Tip #505: Why HDV Media is a Pain in the Neck

… for Codecs & Media

Tip #505: Why HDV Media is a Pain in the Neck

Larry Jordan – LarryJordan.com

Interlacing, non-square pixels, and deep compression make this a challenging media format.

Topic $TipTopic

HDV (short for high-definition DV) media was a highly-popular, but deeply flawed, video format around the turn of the century.

DV (Digital Video) ushered in the wide acceptance of portable video cameras (though still standard definition image sizes) and drove the adoption of computer-based video editing.

NOTE: While EMC and Avid led the way in computerized media editing, it was Apple Final Cut Pro’s release in 1999 that converted a technology into a massive consumer force.

HDV was originally developed by JVC and supported by Sony, Canon and Sharp. First released in 2003, it was designed as an affordable recording format for high-definition video.

Their were, however, three big problems with the format:

  • It was interlaced
  • It used non-square pixels
  • It was highly! compressed

If the HDV media was headed to broadcast or for viewing on a TV set, interlacing was no problem. Both distribution technologies fully supported interlacing.

But, if the video was posted to the web, ugly horizontal black lines radiated out from all moving objects. The only way to get rid of them was to deinterlace the media, which, in most cases, resulted in cutting the vertical resolution in half.

In the late 2000’s Sony and other released progressive HDV recording, but the damage to user’s perception of the image was done.

NOTE: 1080i HDV contained 3 times more pixels per field than SD, yet was compressed at the same data rate. (In interlaced media, two fields make a frame.)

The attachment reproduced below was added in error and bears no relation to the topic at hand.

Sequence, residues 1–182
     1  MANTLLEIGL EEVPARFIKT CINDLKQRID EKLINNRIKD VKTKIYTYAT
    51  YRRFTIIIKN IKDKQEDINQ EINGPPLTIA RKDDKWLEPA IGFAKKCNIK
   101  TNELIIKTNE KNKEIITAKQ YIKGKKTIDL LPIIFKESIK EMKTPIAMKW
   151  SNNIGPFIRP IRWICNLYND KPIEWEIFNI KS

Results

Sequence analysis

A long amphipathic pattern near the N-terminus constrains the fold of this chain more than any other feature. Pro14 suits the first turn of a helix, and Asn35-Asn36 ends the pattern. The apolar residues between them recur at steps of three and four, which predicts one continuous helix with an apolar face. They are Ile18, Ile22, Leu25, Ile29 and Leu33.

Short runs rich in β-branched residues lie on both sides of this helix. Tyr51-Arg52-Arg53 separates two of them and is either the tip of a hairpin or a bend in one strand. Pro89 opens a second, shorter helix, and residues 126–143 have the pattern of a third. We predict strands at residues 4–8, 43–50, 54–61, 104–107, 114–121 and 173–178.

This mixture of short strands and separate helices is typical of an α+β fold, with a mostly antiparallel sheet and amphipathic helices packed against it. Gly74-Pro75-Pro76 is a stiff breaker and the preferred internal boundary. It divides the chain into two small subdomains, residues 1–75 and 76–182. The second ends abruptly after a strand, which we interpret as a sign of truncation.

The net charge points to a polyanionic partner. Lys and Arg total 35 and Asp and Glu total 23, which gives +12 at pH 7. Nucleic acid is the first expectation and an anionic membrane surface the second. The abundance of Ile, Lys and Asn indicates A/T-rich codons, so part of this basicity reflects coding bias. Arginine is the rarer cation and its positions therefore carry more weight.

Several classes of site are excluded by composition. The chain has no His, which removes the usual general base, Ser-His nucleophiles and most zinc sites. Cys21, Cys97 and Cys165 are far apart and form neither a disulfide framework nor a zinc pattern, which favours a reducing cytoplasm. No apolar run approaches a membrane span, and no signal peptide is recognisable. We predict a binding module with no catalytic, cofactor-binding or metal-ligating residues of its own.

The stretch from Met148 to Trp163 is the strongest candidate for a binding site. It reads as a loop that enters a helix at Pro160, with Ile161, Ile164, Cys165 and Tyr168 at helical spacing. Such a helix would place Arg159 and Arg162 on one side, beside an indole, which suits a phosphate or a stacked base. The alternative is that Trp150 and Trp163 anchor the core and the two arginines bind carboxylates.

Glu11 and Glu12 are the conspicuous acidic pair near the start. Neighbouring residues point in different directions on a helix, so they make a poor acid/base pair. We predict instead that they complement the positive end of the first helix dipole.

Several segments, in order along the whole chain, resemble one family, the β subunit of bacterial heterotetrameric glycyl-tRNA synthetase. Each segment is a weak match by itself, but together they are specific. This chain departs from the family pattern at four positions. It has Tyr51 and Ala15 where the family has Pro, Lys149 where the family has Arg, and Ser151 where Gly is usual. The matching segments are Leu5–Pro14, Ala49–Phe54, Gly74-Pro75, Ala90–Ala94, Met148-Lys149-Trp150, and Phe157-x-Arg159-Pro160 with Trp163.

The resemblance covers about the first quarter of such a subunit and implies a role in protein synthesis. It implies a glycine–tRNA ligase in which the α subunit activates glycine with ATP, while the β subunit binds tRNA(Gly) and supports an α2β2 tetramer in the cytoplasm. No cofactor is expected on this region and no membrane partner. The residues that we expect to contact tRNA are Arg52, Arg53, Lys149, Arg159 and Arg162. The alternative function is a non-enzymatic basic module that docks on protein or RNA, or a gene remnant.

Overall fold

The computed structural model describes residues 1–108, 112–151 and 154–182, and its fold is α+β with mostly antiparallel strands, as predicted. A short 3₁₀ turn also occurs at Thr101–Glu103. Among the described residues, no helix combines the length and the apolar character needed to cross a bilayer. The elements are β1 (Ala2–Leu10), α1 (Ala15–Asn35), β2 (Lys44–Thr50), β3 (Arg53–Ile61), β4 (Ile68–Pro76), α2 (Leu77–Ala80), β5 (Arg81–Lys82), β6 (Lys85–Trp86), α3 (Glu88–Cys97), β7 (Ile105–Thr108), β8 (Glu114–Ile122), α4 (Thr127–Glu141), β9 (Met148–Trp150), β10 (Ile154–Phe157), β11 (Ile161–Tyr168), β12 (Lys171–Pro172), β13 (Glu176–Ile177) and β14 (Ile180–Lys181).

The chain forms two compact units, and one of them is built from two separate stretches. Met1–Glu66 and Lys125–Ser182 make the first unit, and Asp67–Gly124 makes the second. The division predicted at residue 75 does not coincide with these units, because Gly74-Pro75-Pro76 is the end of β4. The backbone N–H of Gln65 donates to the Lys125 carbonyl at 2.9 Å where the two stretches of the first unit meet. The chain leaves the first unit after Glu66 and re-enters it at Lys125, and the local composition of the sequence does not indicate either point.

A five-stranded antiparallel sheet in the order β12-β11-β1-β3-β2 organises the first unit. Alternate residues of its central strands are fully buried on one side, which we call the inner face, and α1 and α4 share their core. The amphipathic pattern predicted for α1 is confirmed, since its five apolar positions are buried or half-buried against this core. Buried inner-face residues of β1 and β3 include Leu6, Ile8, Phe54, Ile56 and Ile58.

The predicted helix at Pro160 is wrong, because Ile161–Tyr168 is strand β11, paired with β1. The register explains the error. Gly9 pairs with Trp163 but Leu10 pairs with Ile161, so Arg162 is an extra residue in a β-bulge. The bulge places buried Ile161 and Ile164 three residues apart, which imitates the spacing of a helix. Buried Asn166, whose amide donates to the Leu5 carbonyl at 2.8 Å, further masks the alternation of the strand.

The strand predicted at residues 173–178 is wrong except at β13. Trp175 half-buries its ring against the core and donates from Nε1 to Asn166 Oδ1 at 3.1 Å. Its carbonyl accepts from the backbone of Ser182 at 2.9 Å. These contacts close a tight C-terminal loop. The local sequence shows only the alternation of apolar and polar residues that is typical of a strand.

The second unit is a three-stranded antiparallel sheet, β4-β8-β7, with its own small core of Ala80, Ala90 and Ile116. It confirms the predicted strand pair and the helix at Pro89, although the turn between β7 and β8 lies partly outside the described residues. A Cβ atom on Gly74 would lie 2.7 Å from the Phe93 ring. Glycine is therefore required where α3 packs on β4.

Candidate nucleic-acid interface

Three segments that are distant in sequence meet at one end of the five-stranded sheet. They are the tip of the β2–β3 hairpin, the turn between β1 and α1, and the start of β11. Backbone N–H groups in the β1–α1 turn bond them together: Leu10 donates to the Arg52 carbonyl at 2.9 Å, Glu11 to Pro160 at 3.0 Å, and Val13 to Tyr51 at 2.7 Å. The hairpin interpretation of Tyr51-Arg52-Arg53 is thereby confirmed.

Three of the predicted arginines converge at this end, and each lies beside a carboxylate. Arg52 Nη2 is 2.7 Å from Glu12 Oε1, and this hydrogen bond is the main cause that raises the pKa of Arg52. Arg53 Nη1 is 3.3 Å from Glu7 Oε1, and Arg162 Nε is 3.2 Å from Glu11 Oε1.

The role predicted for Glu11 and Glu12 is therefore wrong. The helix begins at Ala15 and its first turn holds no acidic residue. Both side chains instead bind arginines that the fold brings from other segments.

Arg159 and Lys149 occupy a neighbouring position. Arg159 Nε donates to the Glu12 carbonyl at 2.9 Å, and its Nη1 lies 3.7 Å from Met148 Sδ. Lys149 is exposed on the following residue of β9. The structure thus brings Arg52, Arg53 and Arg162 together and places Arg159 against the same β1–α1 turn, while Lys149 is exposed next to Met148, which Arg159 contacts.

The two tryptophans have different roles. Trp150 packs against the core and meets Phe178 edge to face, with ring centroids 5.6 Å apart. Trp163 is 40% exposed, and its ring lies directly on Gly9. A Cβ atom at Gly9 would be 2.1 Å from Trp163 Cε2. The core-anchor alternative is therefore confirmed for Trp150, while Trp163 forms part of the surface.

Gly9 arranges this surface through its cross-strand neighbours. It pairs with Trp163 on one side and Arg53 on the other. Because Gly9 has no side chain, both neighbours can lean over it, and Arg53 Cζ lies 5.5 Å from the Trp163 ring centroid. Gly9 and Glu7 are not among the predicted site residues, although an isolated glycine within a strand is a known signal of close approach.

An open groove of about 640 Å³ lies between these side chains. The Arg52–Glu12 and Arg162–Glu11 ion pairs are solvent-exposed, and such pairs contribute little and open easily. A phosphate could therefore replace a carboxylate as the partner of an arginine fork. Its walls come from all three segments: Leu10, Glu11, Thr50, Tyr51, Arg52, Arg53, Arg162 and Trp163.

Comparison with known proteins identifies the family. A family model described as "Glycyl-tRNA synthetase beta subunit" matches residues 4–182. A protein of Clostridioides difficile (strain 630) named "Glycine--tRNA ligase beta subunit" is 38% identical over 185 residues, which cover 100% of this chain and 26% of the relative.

The non-square pixels meant that 1080 images were recorded at 1440 pixels horizontally, with the fatter-width pixel filling a full 1920 pixel line. In other words, HDV pixels were short and fat, not square.

As full progressive cameras became popular – especially DSLR cameras with their higher-quality images, HDV gradually faded in popularity. But, even today, we are dealing with legacy HDV media and the image challenges it presents.

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2 replies
  1. stu aull
    stu aull says:

    Any thoughts on how to deal with this legacy media might be helpful. Say, in best way to convert/correct it if being fed into FCP to a 1080p environment? Clients still wander in with this stuff at times…


    • Larry Jordan
      Larry Jordan says:


      Both Premiere and Final Cut will recognize HDV when it is added to the timeline. Both deinterlace it, which reduces its image quality but can’t be helped. Both adjust pixels so they scale appropriately.



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